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What is counselling and psychotherapy?

Therapy is a bit like a structured conversation where you can speak freely about your life without judgement. It isn’t always necessary to have a problem to focus on, sometimes it can be helpful to reflect on how you are thinking and feeling about your values, experiences and relationships. Therapy can provide the space to grow self-awareness, develop personally and achieve your potential.

The BACP has put together a useful guide on what therapy is and what to expect, that you can read here.


Therapy sessions are weekly and last for 50 minutes. CBT-E sessions run differently. You can read more about these in the 'Eating Disorders' section of my website.


I am qualified to work online with video, email, phone and instant chat. Online therapy offers access to therapy that is convenient, accessible and has the benefit of being in the comfort of your own home. Research has shown that therapeutic outcomes are comparable to face to face. However, online therapy isn't for everyone and probably isn’t the best fit for your needs if you have active suicidal ideation, a diagnosis of Personality Disorder, a diagnosed mental health condition, an addiction to substances or alcohol, or a chaotic lifestyle. Online therapy in general is not suitable for someone who is living with an abusive partner. 


Note: Due to State licensing restrictions, I do not work with clients in the USA or Canada.

In Person

I offer in person therapy in Hastings, East Sussex.

Eating Disorders

I am a trained CBT-E therapist offering a 21 session treatment plan. For more information on this please have a look at the Eating Disorder page.

What is the first step?

After you've had a look at my website and decided that you want to talk to me about starting therapy, email me at or go to the 'Contact' page on my website and write me a brief message about your reasons for seeking therapy.

If our availability* for sessions matches we will agree a date and time for the initial phone consultation which can last between 15 and 30 minutes. 


We will use the time on the phone to talk about what you are looking for from therapy to see if I am the right therapist for you. There is no obligation to work with me at any time. If we agree that I could be the right therapist for you, we will book a first session together.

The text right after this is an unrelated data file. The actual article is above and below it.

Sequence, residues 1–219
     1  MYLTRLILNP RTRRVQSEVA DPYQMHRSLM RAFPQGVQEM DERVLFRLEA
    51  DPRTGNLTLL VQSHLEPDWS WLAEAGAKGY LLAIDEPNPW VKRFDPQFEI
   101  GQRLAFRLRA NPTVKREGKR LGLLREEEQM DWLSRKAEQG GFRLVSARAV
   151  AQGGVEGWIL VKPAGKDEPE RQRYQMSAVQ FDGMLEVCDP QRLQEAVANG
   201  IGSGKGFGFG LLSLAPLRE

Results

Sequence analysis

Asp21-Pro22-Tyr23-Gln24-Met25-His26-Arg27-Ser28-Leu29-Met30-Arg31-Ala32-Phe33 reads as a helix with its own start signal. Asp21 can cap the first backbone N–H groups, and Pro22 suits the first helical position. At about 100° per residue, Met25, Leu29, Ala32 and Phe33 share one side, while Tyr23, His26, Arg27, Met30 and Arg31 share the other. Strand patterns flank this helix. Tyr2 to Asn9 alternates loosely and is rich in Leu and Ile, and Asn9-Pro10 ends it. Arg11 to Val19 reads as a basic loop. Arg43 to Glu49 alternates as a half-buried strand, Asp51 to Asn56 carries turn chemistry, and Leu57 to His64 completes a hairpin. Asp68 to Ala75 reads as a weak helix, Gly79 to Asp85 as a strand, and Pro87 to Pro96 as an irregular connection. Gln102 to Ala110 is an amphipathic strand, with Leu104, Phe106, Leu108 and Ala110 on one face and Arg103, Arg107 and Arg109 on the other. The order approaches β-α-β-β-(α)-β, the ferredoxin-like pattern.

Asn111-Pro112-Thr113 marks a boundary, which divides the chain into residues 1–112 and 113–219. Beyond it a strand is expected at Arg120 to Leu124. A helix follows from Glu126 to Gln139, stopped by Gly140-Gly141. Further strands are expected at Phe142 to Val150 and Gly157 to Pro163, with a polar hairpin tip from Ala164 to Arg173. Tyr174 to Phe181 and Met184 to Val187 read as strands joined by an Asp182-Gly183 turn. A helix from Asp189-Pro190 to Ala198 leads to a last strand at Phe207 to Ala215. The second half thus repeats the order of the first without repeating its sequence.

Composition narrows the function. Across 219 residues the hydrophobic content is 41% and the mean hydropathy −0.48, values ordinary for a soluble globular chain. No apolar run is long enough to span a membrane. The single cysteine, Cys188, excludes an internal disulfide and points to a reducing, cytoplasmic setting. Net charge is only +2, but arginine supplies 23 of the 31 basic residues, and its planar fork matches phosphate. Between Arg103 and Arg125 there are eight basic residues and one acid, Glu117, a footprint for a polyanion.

How many sessions will there be?

I offer one-to-one individual therapy on an ongoing, open-ended basis. Therapy ranges from one session to long-term therapy. We will agree an initial number of sessions during the first one or two sessions



Our work will involve a therapeutic conversation, with occasional creative work including sometimes using online imagery tools, drawing and using objects. We will look at how your thoughts, emotions and behaviour interact, and how they may be influenced by your relationships with others, both in the here and now and in the past. My role is to work with you to develop your awareness of the meaning of these experiences and start to consider the underlying needs you have and how these might be best met. We may agree on thinking to be done between sessions, and you may try changing your behaviour in relation to your growing self-awareness. My approach supports you to:

  • Explore issues with your mental health, body image, identity, grief, loss, and both personal and professional relationships.

  • Explore how your thoughts, feelings and behaviour influence your communication with others and development of healthy relationships.

  • Develop insight into relationships in the past and present and how these impact you today.

  • Find what works for you to improve your experience of life.

Beginning therapy

In the first session I will follow up on what we have talked about on the phone and check my understanding of what you are looking for from therapy and what you would like to focus on in the sessions. Typically you will then use the time to explain more about these experiences, issues you are having, or relationships, and we will engage in a therapeutic conversation about these, exploring the meaning they hold for you and the impact on you and your relationships with others. At the beginning and end of the session I will ask you how you are feeling about the session, and at the end of the session we will talk about whether you would like to book another session. 

What does therapeutic change look like?

It is normal for therapeutic change to be a process of improvement, then feeling stuck or in difficulty, and then to improve again. Therapeutic change isn't linear. Sometimes your relationship with yourself and others might feel healthier and more compassionate and then at other times your relationship with yourself and others may feel difficult. Change happens gradually. It is through continuing to prioritise space (in and outside of therapy) for reflection and by making decisions to behave differently in relation to ourselves and others that our relationships, mental health and wellbeing can start to change. 

This is a brief overview that we can talk more about when we meet.

*My availability can change.

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